Django Unchained lets Tarantino loose with a bloody tale of race and revenge in antebellum America

4 Stars (4 / 5)

Is there a more outwardly exciting director at work today than Quentin Tarantino?

It’s been three years since the release of Inglourious Basterds, Tarantino’s revisionist history cum Spaghetti Western account of Nazi killers and vengeful Jews in occupied France, and a further fifteen since he arguably created a whole new type of cinema with Pulp Fiction.…

Gangster Squad assembles all the old cliches to little effect

2 Stars (2 / 5)

 

Post-war L.A. The glitzy and glamorous City of Angels is under the thrall of brutal mob boss Mickey Cohen, with mob slayings on every corner and half the police force on the make.

Or so Gangster Squad, the third feature of director Ruben Fleischer (Zombieland, 30 Minutes or Less), would have us believe.…

Cloud Atlas is a whole lotta movie without quite enough reason for existing

3 Stars (3 / 5)

 

“Surely this is one of the most ambitious films ever made.

The little world of film criticism has been alive with interpretations of it, which propose to explain something that lies outside explanation. Any explanation of a work of work must be found in it, not take to it.

Les Miserables: Faith, grace, mercy, and music (and getting a head in Revolutionary France)

3.5 Stars (3.5 / 5)

 

You know that sometimes you leave the cinema struggling to articulate exactly what it is that you’ve just seen?

Those are my feelings regarding Les Miserables, the adaptation of Cameron Mackintosh’s blockbuster musical, directed by Tom Hooper (The King’s Speech).…

Life of Pi (or, Piscine’s Wager) is a minor miracle of cinema

4.5 Stars (4.5 / 5)

 

The first time that Ang Lee’s Life of Pi truly seized my attention, it’s protagonist was skittering across the wind and rain-swept of cargo freighter, shouting to the turbulent heavens like some underage, subaltern Lear.

However, what Piscine Molitor Patel – named for a Parisian swimming pool – sees as God putting on a show is nevertheless deadly: we watch as, on the cargo deck below, we an unknown, faceless sailor is swept overboard by the invading sea.…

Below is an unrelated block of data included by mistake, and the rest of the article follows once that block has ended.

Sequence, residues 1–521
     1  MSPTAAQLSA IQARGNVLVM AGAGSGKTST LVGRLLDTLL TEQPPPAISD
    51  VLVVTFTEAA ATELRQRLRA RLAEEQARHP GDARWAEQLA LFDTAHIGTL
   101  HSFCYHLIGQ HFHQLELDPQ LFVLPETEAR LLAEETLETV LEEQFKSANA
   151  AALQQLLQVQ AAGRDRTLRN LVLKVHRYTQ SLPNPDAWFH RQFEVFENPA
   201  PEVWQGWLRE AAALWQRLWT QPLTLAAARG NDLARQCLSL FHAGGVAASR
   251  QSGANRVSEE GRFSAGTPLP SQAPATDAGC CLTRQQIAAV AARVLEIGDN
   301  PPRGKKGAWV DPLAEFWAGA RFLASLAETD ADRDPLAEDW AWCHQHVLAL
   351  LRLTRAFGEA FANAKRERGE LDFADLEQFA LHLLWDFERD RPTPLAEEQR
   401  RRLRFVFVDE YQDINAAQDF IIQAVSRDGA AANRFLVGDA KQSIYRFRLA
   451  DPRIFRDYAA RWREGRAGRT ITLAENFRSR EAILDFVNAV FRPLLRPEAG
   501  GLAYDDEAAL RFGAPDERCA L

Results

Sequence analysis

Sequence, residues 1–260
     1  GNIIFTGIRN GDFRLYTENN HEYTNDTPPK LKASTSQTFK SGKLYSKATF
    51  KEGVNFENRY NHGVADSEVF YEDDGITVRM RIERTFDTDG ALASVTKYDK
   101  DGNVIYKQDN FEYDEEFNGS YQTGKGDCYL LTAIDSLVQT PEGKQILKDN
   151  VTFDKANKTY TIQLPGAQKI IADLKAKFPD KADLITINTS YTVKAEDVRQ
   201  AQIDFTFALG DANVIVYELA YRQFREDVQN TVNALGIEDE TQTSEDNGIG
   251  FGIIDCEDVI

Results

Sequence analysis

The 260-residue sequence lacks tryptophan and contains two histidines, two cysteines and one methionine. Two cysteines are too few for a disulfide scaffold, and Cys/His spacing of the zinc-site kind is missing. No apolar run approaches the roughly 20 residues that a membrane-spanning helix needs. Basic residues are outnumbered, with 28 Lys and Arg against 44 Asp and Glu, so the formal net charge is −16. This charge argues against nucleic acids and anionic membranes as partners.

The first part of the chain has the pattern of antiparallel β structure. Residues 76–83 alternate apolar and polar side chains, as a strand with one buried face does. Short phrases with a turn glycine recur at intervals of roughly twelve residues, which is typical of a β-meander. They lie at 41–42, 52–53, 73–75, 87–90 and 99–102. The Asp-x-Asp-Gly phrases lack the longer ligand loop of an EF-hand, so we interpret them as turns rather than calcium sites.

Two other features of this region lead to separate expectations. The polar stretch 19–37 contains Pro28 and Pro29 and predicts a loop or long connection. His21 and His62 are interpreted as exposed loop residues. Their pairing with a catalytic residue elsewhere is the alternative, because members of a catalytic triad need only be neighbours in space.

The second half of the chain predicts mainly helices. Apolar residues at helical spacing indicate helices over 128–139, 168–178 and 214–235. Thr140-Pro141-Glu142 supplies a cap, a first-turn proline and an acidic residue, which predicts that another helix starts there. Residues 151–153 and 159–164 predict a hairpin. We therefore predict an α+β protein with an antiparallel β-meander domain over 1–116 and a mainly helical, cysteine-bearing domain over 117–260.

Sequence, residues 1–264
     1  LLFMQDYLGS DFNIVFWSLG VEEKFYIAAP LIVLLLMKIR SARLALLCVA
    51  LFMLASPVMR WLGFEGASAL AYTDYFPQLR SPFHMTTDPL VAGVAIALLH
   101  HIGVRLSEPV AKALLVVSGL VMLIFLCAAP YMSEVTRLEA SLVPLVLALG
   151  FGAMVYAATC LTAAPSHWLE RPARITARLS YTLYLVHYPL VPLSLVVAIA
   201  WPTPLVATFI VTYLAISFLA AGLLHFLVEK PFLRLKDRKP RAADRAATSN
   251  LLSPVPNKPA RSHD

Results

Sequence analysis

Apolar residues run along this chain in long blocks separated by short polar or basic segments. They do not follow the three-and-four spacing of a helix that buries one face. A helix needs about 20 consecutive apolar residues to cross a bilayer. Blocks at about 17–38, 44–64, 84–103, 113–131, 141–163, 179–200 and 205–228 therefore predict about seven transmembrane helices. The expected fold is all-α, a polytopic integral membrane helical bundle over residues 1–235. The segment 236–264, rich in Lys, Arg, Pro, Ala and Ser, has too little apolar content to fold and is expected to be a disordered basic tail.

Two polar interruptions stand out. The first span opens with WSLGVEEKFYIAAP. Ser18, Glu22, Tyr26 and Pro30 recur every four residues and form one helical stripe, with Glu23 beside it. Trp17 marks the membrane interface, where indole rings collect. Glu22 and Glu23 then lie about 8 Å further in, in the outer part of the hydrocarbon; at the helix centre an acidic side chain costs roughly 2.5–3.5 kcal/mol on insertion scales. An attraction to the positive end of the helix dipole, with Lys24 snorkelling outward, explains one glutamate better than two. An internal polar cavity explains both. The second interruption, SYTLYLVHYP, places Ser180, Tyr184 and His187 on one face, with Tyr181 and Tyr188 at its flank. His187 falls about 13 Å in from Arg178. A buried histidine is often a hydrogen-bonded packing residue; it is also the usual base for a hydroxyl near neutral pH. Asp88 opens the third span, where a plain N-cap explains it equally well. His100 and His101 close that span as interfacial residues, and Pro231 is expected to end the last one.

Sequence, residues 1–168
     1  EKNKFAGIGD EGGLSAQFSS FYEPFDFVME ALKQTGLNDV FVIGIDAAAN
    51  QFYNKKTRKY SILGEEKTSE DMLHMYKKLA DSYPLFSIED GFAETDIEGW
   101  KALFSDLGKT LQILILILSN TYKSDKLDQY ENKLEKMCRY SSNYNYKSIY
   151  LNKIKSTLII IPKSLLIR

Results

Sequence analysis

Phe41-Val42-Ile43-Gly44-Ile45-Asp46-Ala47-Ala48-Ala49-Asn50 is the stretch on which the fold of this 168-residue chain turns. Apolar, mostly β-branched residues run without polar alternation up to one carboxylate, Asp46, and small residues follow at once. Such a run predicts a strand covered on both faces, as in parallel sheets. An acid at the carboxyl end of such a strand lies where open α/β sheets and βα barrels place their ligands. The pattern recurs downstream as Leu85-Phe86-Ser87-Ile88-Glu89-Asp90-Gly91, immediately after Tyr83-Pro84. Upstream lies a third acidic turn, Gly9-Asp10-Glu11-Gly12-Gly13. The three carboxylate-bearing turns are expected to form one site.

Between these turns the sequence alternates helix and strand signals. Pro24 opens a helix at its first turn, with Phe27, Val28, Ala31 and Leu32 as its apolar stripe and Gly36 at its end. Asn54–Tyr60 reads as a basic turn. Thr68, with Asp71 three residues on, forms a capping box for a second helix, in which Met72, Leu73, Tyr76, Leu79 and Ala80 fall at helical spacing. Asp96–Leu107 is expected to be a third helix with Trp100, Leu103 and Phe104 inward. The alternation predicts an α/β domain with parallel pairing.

The Hobbit: An Unremarkable Journey – A Deconstruction

If you haven’t yet seen the first part of Peter Jackson’s new trilogy based on the esteemed fantasy novel/children’s book by JRR Tolkien and don’t wish to have it tainted by misanthropic grumblings and general pedantry, stop here.

There are some very strong and mixed feelings bubbling up within me as I write this and many of them carry with them spoilers.…

End of Watch is a classic of solidity

4 Stars (4 / 5)

 

End of Watch is a found-footage style cop drama, directed and written by the writer of Training Day and Street Kings. It’s also markedly better than that sounds.

David Ayers, who also wrote the script for The Fast and the Furious, shoots the majority of the film from the perspective of Officer Brian Taylor (Jake Gyllenhaal), who drives a patrol car in South Central LA with his partner Mike Zavala (Michael Peña).…

Seven Psychopaths; or, F**kin’ Hollywood

3.5 Stars (3.5 / 5)

 

Hans: As Gandhi said…’An eye for an eye leaves the whole world blind’. I believe that wholeheartedly.

Billy: No, it doesn’t. There’ll be one guy left with one eye. How’s the last blind guy going to take out the eye of the last guy left whose still got one eye left?

Argo is Alan J. Pakula without the bite

2.5 Stars (2.5 / 5)

 

The newest film by Chasing Amy* star Ben Affleck is notable for many reasons, not least in that it has broken the director’s run of continuous 94%s on Rotten Tomatoes.

Whether it is an objectively better film that either Gone Baby Gone or The Town is open to debate.…

The Master is a meditation on faith, sex, and the duality of man

4.5 Stars (4.5 / 5)

 

The Master is a difficult film to unreservedly love.

For one thing, it’s a far trickier beast than Paul Thomas Anderson’s previous world-beater, the relentless and aptly titled There Will Be Blood. There are no oil-rig explosions, no dairy beverage related analogies, though the film is certainly closer to it’s immediate predecessor in style, tone, and content than any other PTA’s directed.…